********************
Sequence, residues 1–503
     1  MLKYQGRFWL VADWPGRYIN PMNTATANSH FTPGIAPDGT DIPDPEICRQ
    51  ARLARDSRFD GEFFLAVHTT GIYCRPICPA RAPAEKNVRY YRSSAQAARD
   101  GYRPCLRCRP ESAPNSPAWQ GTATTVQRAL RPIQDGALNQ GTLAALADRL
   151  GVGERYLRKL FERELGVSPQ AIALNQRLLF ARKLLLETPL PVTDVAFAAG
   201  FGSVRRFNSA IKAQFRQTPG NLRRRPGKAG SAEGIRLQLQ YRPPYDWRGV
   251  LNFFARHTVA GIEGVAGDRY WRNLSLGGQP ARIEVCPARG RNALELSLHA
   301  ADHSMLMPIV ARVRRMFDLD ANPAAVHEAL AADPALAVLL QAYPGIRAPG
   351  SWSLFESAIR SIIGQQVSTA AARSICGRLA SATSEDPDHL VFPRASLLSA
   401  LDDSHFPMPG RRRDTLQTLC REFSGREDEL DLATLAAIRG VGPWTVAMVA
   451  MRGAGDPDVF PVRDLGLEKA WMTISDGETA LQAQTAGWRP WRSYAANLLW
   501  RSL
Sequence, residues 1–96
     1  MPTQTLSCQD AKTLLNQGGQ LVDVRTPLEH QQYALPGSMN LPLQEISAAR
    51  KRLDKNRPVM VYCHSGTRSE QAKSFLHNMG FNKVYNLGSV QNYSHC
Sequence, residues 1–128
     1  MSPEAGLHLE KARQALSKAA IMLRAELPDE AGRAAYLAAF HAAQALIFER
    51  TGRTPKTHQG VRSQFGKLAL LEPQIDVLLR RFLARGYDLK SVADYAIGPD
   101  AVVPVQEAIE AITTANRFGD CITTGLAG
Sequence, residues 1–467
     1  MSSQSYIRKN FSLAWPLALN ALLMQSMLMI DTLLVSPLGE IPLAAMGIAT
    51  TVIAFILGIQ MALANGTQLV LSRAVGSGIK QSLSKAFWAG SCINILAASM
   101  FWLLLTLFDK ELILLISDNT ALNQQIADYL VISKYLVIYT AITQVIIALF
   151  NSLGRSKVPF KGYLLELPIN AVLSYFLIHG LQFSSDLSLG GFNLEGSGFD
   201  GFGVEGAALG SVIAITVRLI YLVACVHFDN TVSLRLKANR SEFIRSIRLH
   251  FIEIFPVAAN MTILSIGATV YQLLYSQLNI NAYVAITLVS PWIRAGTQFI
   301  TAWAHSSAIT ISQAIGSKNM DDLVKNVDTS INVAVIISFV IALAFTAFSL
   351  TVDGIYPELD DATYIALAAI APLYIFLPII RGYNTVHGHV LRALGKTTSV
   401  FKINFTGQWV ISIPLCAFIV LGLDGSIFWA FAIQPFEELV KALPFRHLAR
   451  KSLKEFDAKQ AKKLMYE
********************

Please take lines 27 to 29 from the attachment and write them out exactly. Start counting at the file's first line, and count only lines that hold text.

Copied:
   301  TAWAHSSAIT ISQAIGSKNM DDLVKNVDTS INVAVIISFV IALAFTAFSL
   351  TVDGIYPELD DATYIALAAI APLYIFLPII RGYNTVHGHV LRALGKTTSV
   401  FKINFTGQWV ISIPLCAFIV LGLDGSIFWA FAIQPFEELV KALPFRHLAR